So I did the right thing. I told her you only hunt birds with a shotgun. (Although, in retrospect, I would have been funny in a cruel, sick sad world kinda way to have thought about the looks on my ex-brother-in-laws faces, had she brought a rifle to a bird hunt.)

So, where was I? Oh, yeah. We take an AR15/M16 platform black gun chambered in .223, perhaps, put it in the hands of a policeman who’s perhaps amped up on 5 Hour Energy or Red Bull, put them in a stress situation (maybe a bank robbery with a side of hostages) and then hope and pray that nobody chooses THAT day/time/location to have a negligent discharge of a weapon that treats body armor like tissue paper.

Now before you all start throwing trajectories, vectors, population densities, actuarial tables, probabilities and such my way, let me make a couple of sobering observations. It only takes one perfect storm of screw-ups to end somebody’s life. I realize that S.W.A.T. teams are likely better trained than your typical boy/girl in blue. But I also realize some of that can be offset by The Law of Unintended Consequences, plus a heapin’ helpin’ of plain ol’ bad luck. Wrong place. Wrong time. That sort of thing.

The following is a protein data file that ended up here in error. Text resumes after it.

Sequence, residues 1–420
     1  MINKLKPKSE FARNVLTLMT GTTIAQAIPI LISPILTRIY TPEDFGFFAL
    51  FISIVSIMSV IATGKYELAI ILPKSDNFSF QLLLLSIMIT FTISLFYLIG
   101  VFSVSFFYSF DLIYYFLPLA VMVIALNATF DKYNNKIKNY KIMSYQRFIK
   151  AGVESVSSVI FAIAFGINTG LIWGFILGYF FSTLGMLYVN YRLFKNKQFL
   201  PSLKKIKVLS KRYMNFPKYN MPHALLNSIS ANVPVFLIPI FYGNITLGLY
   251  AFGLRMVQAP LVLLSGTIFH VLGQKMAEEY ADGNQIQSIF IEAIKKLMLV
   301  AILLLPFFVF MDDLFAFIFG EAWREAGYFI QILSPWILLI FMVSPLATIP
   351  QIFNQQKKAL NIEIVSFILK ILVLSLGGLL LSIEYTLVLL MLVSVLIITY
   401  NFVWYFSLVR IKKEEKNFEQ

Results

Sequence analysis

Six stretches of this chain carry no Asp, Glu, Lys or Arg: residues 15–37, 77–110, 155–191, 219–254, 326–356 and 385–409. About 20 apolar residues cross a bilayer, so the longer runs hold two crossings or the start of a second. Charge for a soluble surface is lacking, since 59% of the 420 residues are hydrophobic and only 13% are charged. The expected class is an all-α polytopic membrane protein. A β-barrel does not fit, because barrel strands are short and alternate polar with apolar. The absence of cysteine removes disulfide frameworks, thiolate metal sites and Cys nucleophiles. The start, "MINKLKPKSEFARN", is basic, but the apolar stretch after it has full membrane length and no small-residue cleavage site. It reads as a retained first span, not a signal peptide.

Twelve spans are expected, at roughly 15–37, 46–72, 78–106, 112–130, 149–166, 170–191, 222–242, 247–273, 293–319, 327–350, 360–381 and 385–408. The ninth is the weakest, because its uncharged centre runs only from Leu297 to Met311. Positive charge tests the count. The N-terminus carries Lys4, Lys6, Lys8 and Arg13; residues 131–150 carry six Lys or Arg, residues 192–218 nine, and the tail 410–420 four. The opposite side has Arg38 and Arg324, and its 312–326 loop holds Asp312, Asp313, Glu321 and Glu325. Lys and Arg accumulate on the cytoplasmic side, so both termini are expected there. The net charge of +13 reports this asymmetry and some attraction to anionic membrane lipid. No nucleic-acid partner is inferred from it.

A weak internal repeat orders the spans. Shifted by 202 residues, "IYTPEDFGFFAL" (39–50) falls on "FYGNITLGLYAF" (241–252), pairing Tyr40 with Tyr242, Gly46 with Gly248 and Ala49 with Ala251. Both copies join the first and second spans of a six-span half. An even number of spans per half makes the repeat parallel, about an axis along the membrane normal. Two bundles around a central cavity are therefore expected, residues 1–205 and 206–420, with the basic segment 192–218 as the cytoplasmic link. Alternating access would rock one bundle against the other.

So without getting/sounding like some idiot from the Bloomberg’s Raiders, I’m wondering, just how far away do you want to be when the shooting starts? Seriously. How far away is far enough, when you’re dealing with high-powered rifles?

I mean, forget for a minute that the bad guys may actually have the local cops out-gunned (see the L.A. bank robbery from a few years back) and those guys don’t care WHO they kill. The cops are acutely aware of the downside to NDs, and I’m sure they train to avoid them. They are also well aware that a misplaced round can end their careers and result in years of legal actions that will drain their bank accounts faster than you can say “Johnny Cochran.” And I’m aware that an automobile is effectively “camouflage” – NOT “cover.” Get close enough, and a frame house’s walls wouldn’t be enough to keep you safe.

But my question stands – just how far away do you need/want to be when the shooting starts, assuming that Sgt. Murphy was an optimist?